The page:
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    "there don't exist any atheist religions." the validity of that statement is highly dependent on your definition of "religion". To me, fundamental to any religion is that it is a believe system, aka faith based. Under that definition, atheism is nothing but a religion in no religion. – dannyf Apr 22 '17 at 12:59
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    whether "god" or "gods" play a role in a religion is secondary. so a godless religion (like buddhism) is perfectly fine in my book. this solves many problems in my view: as just no one can prove the existence of "god", no one can prove the non-existence of "god" either. – dannyf Apr 22 '17 at 13:01
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    I think "Atheism is the lack of god" is not correct. Atheism is the belief that there is no god, but it is not a word for the state of non-existence of a god. – Sebastian Mach Oct 30 '17 at 10:38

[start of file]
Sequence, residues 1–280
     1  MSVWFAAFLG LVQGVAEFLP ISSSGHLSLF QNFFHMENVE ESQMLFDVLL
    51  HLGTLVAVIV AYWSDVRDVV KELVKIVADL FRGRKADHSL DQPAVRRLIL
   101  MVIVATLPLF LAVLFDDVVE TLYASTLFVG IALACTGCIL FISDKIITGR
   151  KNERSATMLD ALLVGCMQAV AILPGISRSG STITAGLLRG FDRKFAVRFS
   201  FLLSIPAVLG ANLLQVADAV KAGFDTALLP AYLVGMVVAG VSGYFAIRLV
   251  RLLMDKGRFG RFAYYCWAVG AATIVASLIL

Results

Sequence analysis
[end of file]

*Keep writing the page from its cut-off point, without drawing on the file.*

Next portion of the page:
• @dannyf: I think you are slightly aiming agnosticism. I am an agnostic atheist, meaning I don't believe there are any gods, but I accept that I don't know things I cannot know. I don't exclude the possibility of God's existence, but it's just one of billions over billions of possibilities of higher beings or lack thereof. Not an expert on Solipsim, but I think Solipsim is Agnosticism taken to a consequential extreme. I mean, think LSD: smelling colors, seing sounds, etc. ... Worm for you: wired.com/2014/09/absurd-creature-of-the-week-disco-worm is slightly disturbing. – Sebastian Mach Oct 30 '17 at 10:47
  • @SebastianMach I corrected it since I missed that in my proof read. – razorsyntax Oct 30 '17 at 17:37